“We know it’s complicated,” he said. “There is no perfect SPF. We just think we can get to a more perfect SPF with conversations between the district and community folks.”

The district announced other changes to the School Performance Framework next year that will affect all schools, not just elementary schools. They include:

  • Not rating schools on measures for which there is only one year of data available.

Denver’s ratings have always been based on two years of data: for instance, how many students of color met expectations on state math tests in 2016 and how many met expectations in 2017.

But if a school doesn’t have data for one of those years, it will no longer be rated on that measure. One way that could happen is if a school has 20 students of color one year but only 12 the next. Schools must have at least 16 students in a category for their scores to count.

The goal, officials said, is to be more fair and accurate. Some schools complained that judging them based on just one year of data wasn’t fully capturing their performance or progress.

  • Applying the “academic gaps indicator” to all schools without exception.

This year, the district applied a new rule that schools with big gaps between less privileged and more privileged students couldn’t earn its two highest color ratings, blue and green. Schools had to be blue or green on a new “academic gaps indicator” to be blue or green overall.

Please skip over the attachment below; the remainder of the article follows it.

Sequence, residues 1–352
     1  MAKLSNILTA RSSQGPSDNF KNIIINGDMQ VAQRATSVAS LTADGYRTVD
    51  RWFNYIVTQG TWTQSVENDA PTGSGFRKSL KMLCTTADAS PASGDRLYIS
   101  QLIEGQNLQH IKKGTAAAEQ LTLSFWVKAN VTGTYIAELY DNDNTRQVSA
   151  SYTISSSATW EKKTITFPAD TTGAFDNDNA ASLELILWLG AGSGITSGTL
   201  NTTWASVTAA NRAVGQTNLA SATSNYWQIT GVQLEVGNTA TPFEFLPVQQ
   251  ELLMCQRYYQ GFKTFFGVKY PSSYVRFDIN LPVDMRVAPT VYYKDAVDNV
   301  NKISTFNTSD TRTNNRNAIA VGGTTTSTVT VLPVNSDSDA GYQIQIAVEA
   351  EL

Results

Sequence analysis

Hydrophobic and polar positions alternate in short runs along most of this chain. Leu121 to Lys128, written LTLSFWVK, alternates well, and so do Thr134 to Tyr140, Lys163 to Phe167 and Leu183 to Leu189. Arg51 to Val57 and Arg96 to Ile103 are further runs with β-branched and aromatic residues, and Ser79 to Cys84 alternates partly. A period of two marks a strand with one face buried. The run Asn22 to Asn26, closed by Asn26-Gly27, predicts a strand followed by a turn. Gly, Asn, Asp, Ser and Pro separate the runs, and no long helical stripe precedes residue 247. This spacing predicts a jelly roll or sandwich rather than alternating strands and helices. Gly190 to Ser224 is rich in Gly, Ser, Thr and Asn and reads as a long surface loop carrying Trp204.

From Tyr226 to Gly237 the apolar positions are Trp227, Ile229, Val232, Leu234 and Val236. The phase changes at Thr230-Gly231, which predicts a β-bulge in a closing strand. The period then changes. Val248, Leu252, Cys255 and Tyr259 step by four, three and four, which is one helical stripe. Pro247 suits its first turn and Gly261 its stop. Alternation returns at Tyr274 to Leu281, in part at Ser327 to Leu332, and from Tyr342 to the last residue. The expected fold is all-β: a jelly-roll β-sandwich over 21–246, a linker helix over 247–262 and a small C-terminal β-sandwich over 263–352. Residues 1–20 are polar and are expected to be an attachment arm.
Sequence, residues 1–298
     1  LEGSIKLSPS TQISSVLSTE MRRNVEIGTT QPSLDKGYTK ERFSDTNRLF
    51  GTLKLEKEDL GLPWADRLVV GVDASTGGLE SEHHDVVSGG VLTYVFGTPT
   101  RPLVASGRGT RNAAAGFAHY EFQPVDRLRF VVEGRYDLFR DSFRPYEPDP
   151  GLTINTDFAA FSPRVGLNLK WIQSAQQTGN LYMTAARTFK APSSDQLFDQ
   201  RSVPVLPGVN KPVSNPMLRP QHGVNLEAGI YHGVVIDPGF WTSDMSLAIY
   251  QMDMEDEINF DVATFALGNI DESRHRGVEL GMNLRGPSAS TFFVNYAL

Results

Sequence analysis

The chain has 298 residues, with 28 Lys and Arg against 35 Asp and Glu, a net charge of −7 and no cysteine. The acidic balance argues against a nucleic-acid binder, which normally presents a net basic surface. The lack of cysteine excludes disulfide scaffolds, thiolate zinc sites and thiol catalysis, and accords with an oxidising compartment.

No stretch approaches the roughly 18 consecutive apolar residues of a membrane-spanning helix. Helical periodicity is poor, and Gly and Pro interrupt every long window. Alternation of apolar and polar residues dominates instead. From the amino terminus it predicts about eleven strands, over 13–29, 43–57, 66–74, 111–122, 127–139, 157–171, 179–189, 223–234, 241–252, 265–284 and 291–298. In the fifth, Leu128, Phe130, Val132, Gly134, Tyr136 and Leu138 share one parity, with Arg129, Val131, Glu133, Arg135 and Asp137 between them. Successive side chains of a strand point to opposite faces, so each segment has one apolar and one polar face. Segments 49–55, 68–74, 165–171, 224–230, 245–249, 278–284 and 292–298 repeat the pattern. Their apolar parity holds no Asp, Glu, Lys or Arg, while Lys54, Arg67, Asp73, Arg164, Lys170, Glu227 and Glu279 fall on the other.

But district officials made an exception for three schools where nearly all students were from low-income families, reasoning it was difficult to measure gaps when there were so few wealthier students. However, Boasberg said that after soliciting feedback from educators, parents, and advocates, “the overwhelming sentiment was that it should apply to all schools,” in part because it was difficult to find a “natural demographic break point” for exceptions.

Contract review

Here’s what a deeper probe of grade changing at Memphis schools will cost

PHOTO: Marta W. Aldrich